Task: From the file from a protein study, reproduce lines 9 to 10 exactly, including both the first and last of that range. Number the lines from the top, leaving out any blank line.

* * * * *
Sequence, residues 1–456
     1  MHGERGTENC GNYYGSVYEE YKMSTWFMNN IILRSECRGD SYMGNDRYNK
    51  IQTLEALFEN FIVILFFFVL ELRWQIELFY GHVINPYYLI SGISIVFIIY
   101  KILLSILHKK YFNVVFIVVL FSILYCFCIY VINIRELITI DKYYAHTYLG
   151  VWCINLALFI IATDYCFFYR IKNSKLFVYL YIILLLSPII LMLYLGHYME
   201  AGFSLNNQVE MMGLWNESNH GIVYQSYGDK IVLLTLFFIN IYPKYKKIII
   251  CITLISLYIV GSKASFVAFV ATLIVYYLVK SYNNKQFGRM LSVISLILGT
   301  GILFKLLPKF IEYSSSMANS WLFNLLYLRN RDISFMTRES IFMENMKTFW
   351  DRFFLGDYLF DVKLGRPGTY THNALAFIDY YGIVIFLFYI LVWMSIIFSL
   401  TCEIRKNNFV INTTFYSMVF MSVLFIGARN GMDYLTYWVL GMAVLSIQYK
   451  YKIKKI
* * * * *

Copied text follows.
   351  DRFFLGDYLF DVKLGRPGTY THNALAFIDY YGIVIFLFYI LVWMSIIFSL
   401  TCEIRKNNFV INTTFYSMVF MSVLFIGARN GMDYLTYWVL GMAVLSIQYK